By performing fog computing, a device can offload delay-tolerant computationally demanding tasks to its peers for processing, and the results can be returned and aggregated. In distributed wireless networks, the challenges of fog computing include lack of central coordination, selfish behaviors of devices, and multi-hop signaling delays, which can result in outdated network knowledge and prevent effective cooperations beyond one hop. This paper presents a new approach to enable cooperations of N selfish devices over multiple hops, where selfish behaviors are discouraged by a tit-for-tat mechanism. The tit-for-tat incentive of a device is designed to be the gap between the helps (in terms of energy) the device has received and offered; and indicates how much help the device can offer at the next time slot. The tit-for-tat incentives can be evaluated at every device by having all devices broadcast how much help they offered in the past time slot, and used by all devices to schedule task offloading and processing. The approach achieves asymptotic optimality in a fully distributed fashion with a time-complexity of less than O(N2). The optimality loss resulting from multi-hop signaling delays and consequently outdated tit-for-tat incentives is proved to asymptotically diminish. Simulation results show that our approach substantially reduces the time-average energy consumption of the state of the art by 50% and accommodates more tasks, by engaging devices hops away under multi-hop delays.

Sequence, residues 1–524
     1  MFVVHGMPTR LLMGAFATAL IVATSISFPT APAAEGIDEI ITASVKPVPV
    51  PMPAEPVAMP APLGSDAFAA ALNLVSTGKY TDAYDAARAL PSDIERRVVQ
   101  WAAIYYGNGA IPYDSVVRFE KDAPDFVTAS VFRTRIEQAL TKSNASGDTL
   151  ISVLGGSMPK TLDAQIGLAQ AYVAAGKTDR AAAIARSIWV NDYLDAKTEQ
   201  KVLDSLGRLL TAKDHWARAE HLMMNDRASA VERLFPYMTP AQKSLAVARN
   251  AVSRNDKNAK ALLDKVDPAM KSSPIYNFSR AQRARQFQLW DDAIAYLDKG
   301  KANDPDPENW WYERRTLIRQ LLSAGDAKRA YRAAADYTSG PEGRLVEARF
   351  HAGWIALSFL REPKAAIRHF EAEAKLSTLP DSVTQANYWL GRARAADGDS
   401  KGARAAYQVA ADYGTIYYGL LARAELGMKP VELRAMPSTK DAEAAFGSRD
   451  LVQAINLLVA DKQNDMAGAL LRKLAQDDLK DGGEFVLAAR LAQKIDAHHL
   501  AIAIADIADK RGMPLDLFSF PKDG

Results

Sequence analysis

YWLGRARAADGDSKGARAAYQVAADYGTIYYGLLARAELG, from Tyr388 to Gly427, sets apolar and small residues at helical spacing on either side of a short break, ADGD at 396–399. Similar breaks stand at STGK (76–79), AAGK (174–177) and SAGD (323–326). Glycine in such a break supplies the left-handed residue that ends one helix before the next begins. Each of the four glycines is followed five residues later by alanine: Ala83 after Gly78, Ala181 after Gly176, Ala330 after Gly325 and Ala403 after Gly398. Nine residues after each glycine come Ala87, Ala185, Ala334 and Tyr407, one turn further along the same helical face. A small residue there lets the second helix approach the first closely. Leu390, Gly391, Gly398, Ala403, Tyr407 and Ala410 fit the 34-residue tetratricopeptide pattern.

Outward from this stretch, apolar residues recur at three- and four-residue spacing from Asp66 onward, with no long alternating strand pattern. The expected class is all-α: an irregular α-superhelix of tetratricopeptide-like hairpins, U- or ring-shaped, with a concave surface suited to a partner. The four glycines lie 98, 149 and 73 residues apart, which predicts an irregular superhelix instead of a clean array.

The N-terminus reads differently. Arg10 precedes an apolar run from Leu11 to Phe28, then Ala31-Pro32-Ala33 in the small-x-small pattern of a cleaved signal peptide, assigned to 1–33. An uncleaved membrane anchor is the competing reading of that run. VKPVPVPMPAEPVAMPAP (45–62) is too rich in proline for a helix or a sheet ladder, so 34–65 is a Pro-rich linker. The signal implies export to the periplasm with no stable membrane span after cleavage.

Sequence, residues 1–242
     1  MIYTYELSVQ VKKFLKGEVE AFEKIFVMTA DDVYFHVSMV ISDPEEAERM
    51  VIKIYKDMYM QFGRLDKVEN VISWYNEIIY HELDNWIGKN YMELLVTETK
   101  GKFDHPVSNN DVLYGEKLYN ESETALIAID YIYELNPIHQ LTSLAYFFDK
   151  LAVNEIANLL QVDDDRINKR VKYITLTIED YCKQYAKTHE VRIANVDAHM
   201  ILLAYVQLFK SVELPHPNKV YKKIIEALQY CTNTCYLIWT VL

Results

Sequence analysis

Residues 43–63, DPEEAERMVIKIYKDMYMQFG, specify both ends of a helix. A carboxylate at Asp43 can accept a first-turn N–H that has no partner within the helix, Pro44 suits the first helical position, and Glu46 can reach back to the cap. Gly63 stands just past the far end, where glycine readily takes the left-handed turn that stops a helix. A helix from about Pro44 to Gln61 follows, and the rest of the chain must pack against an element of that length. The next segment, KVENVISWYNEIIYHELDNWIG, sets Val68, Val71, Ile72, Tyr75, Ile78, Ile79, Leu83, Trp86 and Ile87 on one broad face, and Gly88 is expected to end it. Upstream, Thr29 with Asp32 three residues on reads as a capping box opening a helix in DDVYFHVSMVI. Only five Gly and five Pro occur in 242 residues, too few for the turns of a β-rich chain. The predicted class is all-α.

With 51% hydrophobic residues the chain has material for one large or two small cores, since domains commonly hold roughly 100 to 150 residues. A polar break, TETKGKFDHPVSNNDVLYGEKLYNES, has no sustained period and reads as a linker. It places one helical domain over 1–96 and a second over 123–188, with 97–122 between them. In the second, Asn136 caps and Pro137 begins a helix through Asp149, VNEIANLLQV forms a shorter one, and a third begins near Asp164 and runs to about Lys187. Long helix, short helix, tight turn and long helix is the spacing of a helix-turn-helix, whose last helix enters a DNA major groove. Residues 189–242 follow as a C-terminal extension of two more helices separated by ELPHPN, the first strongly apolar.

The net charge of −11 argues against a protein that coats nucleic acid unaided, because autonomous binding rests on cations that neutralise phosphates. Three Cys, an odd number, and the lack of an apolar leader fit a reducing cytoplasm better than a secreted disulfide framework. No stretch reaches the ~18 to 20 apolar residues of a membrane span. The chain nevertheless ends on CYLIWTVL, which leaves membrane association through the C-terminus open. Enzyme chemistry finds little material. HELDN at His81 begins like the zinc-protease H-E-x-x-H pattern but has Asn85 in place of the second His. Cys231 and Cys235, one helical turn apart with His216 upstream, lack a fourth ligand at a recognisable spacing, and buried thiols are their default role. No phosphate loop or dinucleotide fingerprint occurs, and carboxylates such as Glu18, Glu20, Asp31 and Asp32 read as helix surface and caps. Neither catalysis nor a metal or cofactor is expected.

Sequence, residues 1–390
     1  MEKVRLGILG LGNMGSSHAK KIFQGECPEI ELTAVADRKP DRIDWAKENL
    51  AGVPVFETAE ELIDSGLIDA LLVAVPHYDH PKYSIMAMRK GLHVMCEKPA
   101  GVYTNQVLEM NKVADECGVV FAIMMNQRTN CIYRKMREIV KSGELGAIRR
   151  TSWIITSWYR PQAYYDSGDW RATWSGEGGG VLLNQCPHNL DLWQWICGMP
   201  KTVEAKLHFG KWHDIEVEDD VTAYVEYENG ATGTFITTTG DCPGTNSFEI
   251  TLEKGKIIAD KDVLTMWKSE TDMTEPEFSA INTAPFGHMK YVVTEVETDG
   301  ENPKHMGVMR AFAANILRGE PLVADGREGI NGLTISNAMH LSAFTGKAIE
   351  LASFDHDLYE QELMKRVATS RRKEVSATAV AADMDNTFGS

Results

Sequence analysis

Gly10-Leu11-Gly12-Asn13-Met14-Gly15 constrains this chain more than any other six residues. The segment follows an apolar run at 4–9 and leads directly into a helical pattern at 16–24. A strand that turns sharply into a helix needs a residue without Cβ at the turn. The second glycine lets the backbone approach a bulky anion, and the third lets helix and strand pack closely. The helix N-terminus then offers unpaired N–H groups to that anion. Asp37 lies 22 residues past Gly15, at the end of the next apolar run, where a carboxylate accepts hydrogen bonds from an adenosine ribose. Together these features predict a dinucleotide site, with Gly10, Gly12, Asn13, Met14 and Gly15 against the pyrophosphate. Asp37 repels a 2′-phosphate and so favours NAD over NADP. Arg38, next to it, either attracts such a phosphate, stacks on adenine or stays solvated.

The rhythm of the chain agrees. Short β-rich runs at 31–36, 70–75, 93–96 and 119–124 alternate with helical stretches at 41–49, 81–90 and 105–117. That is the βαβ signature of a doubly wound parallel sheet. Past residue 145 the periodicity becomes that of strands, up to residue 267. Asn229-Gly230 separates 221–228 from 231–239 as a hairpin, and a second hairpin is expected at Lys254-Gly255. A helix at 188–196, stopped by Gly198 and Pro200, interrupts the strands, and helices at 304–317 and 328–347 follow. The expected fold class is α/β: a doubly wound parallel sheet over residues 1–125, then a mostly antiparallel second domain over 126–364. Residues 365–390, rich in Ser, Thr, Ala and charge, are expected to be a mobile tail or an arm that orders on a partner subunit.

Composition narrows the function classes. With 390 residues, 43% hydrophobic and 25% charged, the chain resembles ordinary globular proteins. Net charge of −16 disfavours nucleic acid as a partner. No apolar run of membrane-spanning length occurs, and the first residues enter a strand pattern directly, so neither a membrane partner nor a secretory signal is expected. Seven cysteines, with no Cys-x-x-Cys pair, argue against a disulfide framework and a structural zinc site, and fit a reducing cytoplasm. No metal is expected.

Bibliographical noteFunding Information:
Manuscript received April 18, 2018; revised July 12, 2018; accepted September 5, 2018. Date of publication September 18, 2018; date of current version November 9, 2018. This work was supported in part by NSFC under Grant 61790553, and in part by the National Key Research and Development Program of China under Grant 2017ZX03001003. The associate editor coordinating the review of this paper and approving it for publication was A. Banchs. (Corresponding author: Hui Tian.) X. Lyu is with the State Key Laboratory of Networking and Switching Technology, Beijing University of Posts and Telecommunications, Beijing 100876, China, and also with the Global Big Data Technologies Center, University of Technology Sydney, Ultimo, NSW 2007,Australia.
- Distributed fog computing
- Lyapunov optimization
- out-of-date information
- selfish devices